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The American century - for better or for worse?

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Introduction

Johanne Markvoll, 01.10.02 The American century - for better or for worse? In the previous century, the USA played an important part in world history. Participating on the winning side in both world wars, and winning an arms race against the Soviet Union, it became one of the most influential nations of the century. The US is still a leading superpower, and the rest of the world has become "Americanized" - American culture has become part of the entire world's every day life. How is that possible? Part of the answer may be found in the mass immigration to the US which started in the 19th century. ...read more.

Middle

The Allies won the war, and USA was once again facing a prosperous future, being the richest and most powerful nation in the world. World War I wasn't the only war the Americans got involved in. Also in World War II and the Vietnam War, American soldiers participated. Some of these soldiers spent many years abroad, and in some way or another, they left an imprint of the American culture behind when they went back to the land of the free. The arrival of television had a great impact on the whole world. News from the other side of the world could flash into television-screens in every corner of the world. ...read more.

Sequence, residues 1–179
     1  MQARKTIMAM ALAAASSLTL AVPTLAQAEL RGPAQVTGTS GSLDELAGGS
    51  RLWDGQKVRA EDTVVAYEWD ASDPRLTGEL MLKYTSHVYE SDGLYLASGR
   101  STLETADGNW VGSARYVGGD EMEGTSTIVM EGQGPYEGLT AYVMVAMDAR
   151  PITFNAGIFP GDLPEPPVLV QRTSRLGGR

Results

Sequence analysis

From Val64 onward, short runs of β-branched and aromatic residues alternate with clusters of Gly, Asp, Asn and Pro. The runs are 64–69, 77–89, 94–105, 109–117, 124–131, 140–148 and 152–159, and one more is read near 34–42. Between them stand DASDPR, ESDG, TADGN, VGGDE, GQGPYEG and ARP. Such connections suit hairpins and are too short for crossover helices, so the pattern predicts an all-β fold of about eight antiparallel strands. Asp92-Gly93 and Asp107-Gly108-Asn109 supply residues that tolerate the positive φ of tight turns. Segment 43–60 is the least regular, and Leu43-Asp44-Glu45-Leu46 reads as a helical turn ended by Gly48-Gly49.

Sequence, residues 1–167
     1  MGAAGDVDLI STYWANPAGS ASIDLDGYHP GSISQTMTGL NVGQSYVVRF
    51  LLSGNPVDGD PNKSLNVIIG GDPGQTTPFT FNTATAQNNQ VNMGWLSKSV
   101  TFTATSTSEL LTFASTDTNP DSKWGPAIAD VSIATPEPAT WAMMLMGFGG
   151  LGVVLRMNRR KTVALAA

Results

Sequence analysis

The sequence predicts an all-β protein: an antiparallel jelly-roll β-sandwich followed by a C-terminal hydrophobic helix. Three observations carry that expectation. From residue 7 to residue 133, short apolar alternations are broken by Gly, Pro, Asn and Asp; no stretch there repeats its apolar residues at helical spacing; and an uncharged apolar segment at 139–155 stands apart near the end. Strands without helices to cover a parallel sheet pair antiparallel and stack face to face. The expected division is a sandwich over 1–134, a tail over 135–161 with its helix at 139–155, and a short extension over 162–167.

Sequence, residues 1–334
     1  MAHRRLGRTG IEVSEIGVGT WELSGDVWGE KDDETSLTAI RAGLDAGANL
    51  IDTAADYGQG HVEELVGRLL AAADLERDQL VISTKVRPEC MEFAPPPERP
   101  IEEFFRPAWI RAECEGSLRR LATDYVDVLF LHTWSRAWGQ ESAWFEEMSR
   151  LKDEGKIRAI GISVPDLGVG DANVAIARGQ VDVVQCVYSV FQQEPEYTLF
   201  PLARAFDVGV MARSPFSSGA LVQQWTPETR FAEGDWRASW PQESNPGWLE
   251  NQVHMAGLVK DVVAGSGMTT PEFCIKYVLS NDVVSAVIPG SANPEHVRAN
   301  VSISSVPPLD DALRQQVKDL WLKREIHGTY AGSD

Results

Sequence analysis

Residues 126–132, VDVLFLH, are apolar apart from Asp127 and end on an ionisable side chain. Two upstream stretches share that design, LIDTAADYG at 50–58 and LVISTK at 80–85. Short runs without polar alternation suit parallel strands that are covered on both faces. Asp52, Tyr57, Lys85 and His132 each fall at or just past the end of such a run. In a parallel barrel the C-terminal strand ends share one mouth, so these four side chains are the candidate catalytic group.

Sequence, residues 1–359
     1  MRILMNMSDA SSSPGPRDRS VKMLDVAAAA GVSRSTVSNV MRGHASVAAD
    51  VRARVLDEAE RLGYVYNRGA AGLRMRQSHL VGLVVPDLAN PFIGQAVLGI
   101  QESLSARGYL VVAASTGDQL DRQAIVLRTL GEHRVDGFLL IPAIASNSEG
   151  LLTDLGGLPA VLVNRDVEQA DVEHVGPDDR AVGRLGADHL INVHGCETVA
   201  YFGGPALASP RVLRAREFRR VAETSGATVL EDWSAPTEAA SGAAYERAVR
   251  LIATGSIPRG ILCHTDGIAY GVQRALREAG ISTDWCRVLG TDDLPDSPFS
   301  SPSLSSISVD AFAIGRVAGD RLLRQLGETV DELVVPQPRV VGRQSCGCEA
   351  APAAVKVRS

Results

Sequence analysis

Conclusion

During he century, great business companies like the Coca Cola Company and Levi's had grown. Their products were exported to every corner of the world, and with time, the hamburger and the Barbie doll had joined them. American lifestyle was to be found all over the world. What are the affects of this Americanization, one might ask. Well, I won't deny that it may have strengthened the global society (as well as the American economy...), by giving people from all over the world something in common. In our modern society, you can't easily spot a Norwegian among thousands of Americans, nor the other way. On the other hand, this might also be a threat to a nation's individuality - the great mixture of cultures leaves little space for the growth of a nation's own cultural heritage. 1 ...read more.

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